The Toxicity of Deception

Got pulled over for speeding our first day on the big island of Hawaii. Unmarked SUV flashed his headlights before swinging a U and coming after me, and I wouldn't have pulled over had he not turned on that distinctive blue light only cops (and L.A. psychopaths) have.

I confess. I was speeding, going 60+ in a 50 zone. The road was empty and we were coming off the side of a volcano, the car gaining momentum on inertia and I didn’t notice my speed right then, which is exactly what I told the 6’5”, 300+ pound cop when he lumbered up to the driver’s window. I apologized for speeding, explained I wasn’t familiar with the rented car just yet and promised to pay more attention to the speedometer, and then pleaded for a warning instead of a ticket. I hadn’t gotten a ticket in over 10 years, and wrecking my perfect driver status was a hell of a way to start a vacation.

The cop pulled up his sagging pants up but the waistband never made it past his enormous belly and fell back down around his hips. He held his pants with one hand and leaned over to look in our car, smiled at my husband next to me and our two kids in the back, then straightened and smiled at me. As he pulled his ticket pad from under his arm he explained he’d usually just give a warning, but since I had kids, well...he loved kids and didn’t want them getting injured, so he was going to write me a ticket to remind me to slow down.

Watching him write the ticket I felt annoyed. A rickety red truck had passed me less than a mile before the cop pulled me over. Kids were bouncing around in the back of that truck, which is dangerous as hell, and illegal in California. There were no roads off the one we were stopped on. The cop had to see them before me. Why had those locals not been stopped, I asked him as he filled in my ticket, and when he didn’t respond I queried him about the motorcycle that was on the truck’s tail and had whizzed past me like I was standing still.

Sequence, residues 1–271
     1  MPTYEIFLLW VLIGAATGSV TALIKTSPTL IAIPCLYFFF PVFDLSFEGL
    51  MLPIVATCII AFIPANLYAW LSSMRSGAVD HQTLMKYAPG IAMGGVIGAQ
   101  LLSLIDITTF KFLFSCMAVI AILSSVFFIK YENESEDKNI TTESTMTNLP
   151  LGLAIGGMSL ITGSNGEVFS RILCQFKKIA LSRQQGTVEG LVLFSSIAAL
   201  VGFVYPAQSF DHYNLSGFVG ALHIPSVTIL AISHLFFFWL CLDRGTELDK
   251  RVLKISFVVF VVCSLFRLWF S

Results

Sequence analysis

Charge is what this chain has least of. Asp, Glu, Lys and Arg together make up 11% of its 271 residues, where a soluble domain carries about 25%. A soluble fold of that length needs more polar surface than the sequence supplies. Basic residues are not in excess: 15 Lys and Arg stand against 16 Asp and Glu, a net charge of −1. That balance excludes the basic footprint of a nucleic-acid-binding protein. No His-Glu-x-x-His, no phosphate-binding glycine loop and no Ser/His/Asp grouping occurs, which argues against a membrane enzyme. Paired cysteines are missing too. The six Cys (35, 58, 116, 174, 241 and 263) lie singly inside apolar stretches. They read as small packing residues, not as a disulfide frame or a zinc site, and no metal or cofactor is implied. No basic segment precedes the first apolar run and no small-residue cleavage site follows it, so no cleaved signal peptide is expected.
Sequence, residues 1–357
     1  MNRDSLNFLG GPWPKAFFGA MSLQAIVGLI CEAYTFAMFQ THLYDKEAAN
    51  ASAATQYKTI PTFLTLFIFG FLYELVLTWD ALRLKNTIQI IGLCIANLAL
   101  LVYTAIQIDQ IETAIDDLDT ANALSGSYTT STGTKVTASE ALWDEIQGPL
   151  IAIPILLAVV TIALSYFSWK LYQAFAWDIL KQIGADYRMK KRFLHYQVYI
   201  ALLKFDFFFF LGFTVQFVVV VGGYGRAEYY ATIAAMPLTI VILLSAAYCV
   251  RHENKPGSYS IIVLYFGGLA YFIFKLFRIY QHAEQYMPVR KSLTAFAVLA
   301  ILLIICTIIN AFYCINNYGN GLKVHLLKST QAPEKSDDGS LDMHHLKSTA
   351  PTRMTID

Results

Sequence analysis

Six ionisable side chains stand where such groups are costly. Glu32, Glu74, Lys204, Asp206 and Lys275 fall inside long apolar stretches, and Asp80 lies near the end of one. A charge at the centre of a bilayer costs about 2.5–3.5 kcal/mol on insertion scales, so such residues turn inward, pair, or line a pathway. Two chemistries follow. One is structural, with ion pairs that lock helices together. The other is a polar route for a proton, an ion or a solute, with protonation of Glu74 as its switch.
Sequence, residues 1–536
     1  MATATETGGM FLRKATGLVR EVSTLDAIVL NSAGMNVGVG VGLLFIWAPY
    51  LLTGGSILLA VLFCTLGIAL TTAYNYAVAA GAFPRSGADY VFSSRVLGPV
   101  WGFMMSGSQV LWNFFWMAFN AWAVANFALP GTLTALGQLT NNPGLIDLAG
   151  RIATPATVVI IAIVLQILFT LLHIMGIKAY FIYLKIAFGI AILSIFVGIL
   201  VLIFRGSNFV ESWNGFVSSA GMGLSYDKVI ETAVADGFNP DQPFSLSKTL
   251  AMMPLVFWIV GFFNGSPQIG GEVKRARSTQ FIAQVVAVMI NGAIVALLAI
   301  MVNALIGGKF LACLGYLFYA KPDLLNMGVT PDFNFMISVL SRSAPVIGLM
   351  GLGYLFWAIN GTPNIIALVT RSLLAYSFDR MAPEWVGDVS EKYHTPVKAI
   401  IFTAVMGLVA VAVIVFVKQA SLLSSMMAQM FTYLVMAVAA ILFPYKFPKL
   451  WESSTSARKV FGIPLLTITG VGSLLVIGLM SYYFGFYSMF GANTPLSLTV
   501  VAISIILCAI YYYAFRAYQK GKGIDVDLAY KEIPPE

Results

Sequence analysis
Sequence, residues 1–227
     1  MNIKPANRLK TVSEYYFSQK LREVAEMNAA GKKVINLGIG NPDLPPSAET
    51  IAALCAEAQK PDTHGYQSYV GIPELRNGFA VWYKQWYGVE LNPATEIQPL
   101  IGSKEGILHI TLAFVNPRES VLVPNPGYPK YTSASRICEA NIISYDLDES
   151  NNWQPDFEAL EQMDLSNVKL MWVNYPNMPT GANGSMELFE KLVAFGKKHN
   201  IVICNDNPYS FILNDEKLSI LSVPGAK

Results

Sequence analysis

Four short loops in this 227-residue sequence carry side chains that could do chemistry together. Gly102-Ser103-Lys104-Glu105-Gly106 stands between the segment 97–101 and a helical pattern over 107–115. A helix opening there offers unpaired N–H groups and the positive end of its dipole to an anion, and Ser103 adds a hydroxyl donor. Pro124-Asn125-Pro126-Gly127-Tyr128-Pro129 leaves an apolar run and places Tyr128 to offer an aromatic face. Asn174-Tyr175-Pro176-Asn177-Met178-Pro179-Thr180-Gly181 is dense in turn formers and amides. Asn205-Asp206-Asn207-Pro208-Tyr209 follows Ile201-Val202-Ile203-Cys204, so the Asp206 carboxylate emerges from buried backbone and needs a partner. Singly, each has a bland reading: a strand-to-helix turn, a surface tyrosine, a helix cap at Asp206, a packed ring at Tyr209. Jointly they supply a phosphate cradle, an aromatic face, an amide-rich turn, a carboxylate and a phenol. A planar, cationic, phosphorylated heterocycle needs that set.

The cop gave me a broad smile as he handed me the ticket to sign. No worries, he explained, the ticket was a formality. The courts were lenient on tourists and would likely throw it out, or, at worst, just give me a ticket for going only 60, not the 65 noted. Again, he flashed a big happy smile before launching into exactly what to say in the letter I should write to the courts to get the ticket dismissed completely: 'Explain it was a rent-a-car and you were not familiar with it yet. The speed limit in California is 65, and it being your first day on the island you were still adjusting to the slower pace here.' He continued on with several more key phrases, and again assured me the ticket would be dismissed, “Guaranteed,” before wishing us all a nice stay on Hawaii and exiting the scene.

I wrote the recommended letter two and a half weeks later, begged the courts mercy along with everything the cop had told me to write, assuring them I’d not only taken responsibility for the violation, but action. Directly after receiving the ticket I switched driving with my husband and he'd driven the rest of our vacation.

A month later I got a letter for the Court of Hawaii denying my plea, charging me over $200 for speeding at 65mph in a 50mph zone, and $100 more for miscellaneous court fees and taxes. No mercy, no leniency. No driving school option to keep my clean record.

Now, I deserved the ticket. OK. But not the cop’s bullshit rhetoric.

He was misinformed, misguided perhaps? Or maybe it was my letter...

The other glaring probably was the cop lied.

When he gave me the ticket I got mad, and he got defensive. I felt the change. He went from cautious to jovial as he delivered the good news. The ticket wasn’t really a ticket, he’d proclaimed. He didn’t want to deal with my impudence, especially after I confronted him over the red truck and motorcycle. He was after tourists--easy targets passing through, and had a canned speech that he delivered like one. And he achieved the desired effect by lying. He probably gave the same rap to everyone he stopped.

The cop’s moral infraction was limited to our simple interaction, and though pissed me off was ultimately of little consequence. But the propensity to lie, to absolve responsibility or to motivate an action, is growing, infiltrating all parts of our society, and more dangerous than ever before.